Under various scenarios used by the government, if net migration is at its highest it would add an extra 35,000 students to secondary schools.

Russell Hobby, general secretary of school leaders' union NAHT said: 'The number of children in education is still rising but the government lacks a coherent plan. Some schools are already stretched to their limits.

'The current system is fragmented and free schools are an inefficient and insufficient way of meeting the numbers. NAHT believes that some local agency should have the strategic role in the planning of places, able to commission new schools and places in both the academy and maintained sectors.

'Schools are also running low on money. The government is not taking account of pensions, national insurance, cost of living, increments, living wages and – crucially – the cost to schools of picking up on cuts to other public services. An increase in pupil numbers is an added pressure on schools at a very difficult time.'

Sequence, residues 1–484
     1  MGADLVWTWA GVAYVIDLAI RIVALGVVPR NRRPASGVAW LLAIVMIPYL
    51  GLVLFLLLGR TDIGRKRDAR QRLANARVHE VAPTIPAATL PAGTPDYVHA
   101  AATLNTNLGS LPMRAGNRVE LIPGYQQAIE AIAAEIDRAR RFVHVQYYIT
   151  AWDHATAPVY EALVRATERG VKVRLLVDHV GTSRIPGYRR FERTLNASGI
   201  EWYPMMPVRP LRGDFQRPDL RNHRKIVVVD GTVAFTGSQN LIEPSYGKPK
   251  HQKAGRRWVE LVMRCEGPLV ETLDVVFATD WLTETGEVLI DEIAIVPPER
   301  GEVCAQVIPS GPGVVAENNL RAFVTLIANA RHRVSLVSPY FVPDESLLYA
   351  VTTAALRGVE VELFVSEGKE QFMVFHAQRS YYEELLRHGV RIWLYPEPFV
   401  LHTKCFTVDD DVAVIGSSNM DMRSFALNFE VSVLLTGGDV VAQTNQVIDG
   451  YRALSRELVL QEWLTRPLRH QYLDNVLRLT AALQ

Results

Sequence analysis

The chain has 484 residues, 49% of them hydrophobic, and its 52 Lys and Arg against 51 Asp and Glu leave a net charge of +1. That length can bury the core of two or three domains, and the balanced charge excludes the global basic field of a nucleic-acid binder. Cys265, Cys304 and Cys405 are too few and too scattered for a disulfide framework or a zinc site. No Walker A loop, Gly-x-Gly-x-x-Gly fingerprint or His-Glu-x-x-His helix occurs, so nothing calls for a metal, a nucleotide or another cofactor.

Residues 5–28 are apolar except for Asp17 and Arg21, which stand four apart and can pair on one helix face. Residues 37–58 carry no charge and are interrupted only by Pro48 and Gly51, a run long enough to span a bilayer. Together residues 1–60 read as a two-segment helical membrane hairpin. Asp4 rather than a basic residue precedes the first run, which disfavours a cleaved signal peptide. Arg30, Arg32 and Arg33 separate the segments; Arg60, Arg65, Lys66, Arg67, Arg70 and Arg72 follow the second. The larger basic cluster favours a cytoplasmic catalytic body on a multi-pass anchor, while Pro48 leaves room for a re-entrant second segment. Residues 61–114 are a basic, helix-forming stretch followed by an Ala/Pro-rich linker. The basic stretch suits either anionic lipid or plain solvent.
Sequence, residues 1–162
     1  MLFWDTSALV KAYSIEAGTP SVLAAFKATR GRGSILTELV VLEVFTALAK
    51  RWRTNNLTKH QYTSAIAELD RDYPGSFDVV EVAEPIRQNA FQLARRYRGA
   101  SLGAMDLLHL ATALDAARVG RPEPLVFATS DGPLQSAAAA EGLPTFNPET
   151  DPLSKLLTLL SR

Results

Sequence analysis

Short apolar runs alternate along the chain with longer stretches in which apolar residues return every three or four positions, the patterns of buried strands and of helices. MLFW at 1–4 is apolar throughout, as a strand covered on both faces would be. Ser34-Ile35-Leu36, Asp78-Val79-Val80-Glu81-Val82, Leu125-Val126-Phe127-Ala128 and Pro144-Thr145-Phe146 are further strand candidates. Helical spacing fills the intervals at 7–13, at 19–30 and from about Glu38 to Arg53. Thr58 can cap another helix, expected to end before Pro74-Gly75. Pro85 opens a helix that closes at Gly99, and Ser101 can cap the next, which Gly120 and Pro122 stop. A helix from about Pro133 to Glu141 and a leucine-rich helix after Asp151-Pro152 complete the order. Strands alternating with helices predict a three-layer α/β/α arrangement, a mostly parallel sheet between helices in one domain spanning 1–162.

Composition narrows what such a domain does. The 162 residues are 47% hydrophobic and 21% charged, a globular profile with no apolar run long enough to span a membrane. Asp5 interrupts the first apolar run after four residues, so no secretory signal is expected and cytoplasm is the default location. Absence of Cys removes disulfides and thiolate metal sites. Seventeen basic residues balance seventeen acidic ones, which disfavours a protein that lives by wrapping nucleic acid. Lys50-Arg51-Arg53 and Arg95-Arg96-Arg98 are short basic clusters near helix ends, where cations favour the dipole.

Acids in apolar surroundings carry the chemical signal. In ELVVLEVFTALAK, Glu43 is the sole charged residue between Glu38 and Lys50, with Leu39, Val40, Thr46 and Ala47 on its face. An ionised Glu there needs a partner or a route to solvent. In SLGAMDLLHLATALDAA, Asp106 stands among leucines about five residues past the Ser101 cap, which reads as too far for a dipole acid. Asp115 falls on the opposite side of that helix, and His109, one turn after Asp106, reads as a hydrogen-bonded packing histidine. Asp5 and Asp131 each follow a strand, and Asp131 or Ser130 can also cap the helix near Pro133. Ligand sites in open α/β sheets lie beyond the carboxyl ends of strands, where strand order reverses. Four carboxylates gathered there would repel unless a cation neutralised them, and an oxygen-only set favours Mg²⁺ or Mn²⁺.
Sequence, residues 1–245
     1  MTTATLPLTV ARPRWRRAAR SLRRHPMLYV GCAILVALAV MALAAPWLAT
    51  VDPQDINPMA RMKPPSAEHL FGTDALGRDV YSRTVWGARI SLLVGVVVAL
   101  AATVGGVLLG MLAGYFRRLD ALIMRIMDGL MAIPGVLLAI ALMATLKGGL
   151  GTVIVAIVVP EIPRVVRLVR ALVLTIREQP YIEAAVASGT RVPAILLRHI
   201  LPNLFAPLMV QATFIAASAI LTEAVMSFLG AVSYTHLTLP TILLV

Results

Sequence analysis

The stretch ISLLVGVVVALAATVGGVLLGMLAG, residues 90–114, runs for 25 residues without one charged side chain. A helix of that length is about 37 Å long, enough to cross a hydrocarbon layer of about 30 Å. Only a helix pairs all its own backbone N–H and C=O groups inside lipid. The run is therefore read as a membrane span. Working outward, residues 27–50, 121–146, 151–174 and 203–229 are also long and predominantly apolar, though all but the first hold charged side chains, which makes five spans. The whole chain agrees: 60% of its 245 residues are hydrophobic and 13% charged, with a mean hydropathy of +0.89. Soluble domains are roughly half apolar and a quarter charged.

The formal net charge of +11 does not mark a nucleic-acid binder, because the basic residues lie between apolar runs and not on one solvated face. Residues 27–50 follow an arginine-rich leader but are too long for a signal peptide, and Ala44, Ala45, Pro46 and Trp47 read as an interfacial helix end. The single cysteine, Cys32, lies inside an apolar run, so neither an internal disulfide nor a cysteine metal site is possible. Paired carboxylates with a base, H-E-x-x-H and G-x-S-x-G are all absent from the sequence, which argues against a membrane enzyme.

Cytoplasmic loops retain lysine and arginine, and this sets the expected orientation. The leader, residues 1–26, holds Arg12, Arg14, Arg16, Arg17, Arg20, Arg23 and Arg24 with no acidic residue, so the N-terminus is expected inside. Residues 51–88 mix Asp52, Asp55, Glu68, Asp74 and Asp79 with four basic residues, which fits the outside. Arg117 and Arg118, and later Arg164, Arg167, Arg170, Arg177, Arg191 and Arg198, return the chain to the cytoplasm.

The data also shows that the number of primary school pupils will rise by 6 per cent to 4.376million.

'The peak annual rate of increase is expected to be seen in 2016, with a projected 2.4 per cent increase in the population at state-funded primary schools,' the DfE said.

'The increase is then expected to reduce, as the population is affected by the lower birth numbers in 2013 and other factors.

'By 2023, the rate of increase is projected to have dropped to 0.1 per cent, followed by a small decrease of -0.1 per cent in 2024.'


We Must Break Teachers Unions, Get School Choice

By now, a good portion of America knows that Planned Parenthood engages in trafficking of organs obtained from the unborn infants they destroy in their abortion industry.